Our nation’s school systems are spending growing amounts of time and money on high-stakes tests in which student performance is used to make major decisions concerning our schools, teachers and, most importantly, our children. Louisiana is no exception. The overemphasis on standardized testing in state and federal accountability systems hampers educators’ abilities to focus on providing students with the broad range of learning experiences that promote the innovation, creativity and deep subject-matter knowledge needed to help them thrive in an increasingly global society. It is very clear that the testing regime is a major concern for families, and as a result, parents across the United States are opting to take their children out of state-mandated standardized testing. There is no doubt that opting out of testing carries unintended consequences for kids, teachers and school districts. Since the movement is now picking up speed in Louisiana, LAE urges that the Louisiana Board of Elementary and Secondary Education, Louisiana Superintendent of Education John White and Gov. Jindal issue unambiguous guidance to school districts addressing the ramifications for Louisiana families and schools when opt-outs are pursued. In addition to this guidance, LAE asks BESE and the state legislature to consider several key policy goals to address the Common Core Standards and testing in Louisiana.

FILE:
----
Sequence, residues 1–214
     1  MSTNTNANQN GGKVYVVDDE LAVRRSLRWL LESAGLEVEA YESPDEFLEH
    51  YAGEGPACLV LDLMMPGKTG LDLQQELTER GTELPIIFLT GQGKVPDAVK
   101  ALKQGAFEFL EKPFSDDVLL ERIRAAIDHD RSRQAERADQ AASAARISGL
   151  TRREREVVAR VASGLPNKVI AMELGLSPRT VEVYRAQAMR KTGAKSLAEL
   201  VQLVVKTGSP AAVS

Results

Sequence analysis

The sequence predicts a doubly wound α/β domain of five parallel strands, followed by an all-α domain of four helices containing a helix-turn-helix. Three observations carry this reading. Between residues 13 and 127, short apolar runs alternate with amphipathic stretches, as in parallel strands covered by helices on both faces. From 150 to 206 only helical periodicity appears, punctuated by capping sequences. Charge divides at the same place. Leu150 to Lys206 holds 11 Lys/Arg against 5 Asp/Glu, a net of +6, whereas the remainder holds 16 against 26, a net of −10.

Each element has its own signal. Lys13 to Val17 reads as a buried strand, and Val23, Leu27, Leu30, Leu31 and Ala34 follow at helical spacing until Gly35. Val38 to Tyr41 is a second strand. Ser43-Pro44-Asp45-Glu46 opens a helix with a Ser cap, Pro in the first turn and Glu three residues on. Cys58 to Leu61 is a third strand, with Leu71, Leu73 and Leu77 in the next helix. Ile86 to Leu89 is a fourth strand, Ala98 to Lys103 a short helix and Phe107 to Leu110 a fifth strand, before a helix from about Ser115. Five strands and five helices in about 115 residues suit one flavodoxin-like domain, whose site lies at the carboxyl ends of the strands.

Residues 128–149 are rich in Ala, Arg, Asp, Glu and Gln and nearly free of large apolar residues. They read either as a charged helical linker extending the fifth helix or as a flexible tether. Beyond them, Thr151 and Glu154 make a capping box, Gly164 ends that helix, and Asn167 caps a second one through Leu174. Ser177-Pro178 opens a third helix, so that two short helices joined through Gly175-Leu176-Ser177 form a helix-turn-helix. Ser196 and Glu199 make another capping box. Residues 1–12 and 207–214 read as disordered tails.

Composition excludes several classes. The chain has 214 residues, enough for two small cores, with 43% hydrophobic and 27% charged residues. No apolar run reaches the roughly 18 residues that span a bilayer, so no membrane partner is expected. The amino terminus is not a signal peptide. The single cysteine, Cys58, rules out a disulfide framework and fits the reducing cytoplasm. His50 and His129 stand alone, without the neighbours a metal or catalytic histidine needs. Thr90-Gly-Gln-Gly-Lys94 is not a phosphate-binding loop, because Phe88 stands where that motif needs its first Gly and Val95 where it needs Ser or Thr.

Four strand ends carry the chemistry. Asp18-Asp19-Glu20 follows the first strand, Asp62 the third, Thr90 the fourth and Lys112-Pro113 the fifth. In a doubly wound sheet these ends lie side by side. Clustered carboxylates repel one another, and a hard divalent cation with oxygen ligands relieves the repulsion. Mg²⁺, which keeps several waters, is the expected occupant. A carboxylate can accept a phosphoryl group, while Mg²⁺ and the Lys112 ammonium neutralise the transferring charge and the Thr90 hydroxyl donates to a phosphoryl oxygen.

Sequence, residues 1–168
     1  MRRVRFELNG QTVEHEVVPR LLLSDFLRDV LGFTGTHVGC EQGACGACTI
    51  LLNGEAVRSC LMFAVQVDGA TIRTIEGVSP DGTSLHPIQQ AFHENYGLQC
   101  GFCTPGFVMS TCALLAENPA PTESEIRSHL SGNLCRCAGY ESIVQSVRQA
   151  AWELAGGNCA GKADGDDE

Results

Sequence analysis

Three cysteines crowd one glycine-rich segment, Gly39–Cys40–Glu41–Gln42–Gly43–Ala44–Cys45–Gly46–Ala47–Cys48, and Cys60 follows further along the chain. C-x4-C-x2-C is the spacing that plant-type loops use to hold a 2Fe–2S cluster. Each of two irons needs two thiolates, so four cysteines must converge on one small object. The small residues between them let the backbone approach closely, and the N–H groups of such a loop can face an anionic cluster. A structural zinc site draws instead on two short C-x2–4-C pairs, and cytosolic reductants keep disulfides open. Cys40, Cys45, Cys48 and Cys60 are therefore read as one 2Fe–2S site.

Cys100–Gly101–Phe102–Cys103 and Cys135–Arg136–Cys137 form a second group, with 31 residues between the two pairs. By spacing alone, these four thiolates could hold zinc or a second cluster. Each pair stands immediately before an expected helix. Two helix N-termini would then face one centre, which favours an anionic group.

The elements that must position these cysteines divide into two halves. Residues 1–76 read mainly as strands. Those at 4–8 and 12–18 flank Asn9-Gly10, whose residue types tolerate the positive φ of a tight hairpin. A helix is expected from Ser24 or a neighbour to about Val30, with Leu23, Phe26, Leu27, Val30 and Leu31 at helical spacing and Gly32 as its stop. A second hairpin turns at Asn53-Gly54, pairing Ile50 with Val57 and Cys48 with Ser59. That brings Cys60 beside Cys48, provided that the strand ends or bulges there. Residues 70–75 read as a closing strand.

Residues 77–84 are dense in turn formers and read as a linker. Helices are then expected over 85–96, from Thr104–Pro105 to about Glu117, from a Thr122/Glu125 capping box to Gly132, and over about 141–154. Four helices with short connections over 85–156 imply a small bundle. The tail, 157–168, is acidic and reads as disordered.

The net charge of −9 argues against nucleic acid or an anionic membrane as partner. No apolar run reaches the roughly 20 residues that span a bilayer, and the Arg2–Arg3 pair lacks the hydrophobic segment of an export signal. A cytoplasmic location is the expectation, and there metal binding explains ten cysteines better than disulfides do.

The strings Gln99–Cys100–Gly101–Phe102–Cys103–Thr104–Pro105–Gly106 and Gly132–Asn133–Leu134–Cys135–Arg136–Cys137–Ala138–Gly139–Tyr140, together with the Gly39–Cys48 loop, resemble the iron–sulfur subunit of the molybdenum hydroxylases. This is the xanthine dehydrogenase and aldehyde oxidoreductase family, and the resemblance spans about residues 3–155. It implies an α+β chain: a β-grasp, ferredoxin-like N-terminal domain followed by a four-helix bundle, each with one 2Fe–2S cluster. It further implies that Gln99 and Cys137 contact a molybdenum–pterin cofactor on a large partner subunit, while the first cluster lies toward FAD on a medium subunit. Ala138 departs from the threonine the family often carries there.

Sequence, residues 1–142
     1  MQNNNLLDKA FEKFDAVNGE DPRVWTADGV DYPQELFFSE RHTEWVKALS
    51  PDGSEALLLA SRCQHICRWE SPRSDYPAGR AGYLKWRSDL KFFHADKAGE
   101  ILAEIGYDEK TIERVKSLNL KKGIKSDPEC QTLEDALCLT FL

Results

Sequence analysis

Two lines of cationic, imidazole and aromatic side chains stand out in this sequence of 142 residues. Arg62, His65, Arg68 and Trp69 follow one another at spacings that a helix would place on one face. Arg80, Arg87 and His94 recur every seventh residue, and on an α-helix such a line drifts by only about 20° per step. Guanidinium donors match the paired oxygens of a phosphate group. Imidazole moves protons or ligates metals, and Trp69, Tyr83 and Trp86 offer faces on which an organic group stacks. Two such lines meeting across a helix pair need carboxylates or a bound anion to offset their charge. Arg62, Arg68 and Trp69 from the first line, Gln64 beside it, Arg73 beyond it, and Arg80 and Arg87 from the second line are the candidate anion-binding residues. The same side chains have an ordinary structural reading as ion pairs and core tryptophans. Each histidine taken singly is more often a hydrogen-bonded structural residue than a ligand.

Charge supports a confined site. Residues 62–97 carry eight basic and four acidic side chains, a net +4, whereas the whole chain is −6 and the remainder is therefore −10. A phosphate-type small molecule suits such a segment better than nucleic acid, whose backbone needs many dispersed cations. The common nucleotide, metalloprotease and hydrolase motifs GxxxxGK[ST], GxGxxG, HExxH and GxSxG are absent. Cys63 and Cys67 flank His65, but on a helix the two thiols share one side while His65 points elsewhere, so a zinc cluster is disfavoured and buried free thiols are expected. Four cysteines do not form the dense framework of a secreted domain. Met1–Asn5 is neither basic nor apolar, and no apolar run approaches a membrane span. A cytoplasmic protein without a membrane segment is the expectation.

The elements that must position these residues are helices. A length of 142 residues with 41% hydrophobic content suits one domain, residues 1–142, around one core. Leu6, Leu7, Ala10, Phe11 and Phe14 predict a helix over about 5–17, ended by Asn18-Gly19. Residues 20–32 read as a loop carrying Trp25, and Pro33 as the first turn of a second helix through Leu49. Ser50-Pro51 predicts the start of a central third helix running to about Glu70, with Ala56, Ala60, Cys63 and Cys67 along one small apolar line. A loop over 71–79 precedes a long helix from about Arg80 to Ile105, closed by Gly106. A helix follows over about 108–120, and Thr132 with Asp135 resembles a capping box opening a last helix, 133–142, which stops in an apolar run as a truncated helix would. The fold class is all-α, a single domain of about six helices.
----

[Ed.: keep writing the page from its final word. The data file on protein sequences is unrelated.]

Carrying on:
Louisiana must convene a workgroup to conduct a comprehensive review of the state’s Common Core State Standards for English Language Arts and Math. This workgroup should then report back its findings and suggest any necessary modifications to the standards. After needed revisions are made, an appropriate state assessment instrument must then be developed or procured; this instrument must be aligned to the modified standards. During this time of transition and until a properly aligned state assessment is validated, LAE proposes that BESE implement a “hold-harmless period” whereby parents, students, teachers and school districts will not be negatively impacted.

LAE will continue to push for a reduction in the state’s testing mandates, thus allowing educators to turn their focus back to the broad range of student learning experiences needed to support our children and improve Louisiana public schools.

Deborah Meaux

president, Louisiana Association of Educators

Baton Rouge